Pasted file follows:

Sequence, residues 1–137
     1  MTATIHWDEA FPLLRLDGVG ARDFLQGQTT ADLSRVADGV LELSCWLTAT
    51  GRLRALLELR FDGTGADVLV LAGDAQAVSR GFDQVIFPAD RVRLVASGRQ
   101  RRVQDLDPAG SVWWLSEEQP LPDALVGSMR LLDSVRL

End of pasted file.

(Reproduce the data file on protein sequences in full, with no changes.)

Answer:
Sequence, residues 1–137
     1  MTATIHWDEA FPLLRLDGVG ARDFLQGQTT ADLSRVADGV LELSCWLTAT
    51  GRLRALLELR FDGTGADVLV LAGDAQAVSR GFDQVIFPAD RVRLVASGRQ
   101  RRVQDLDPAG SVWWLSEEQP LPDALVGSMR LLDSVRL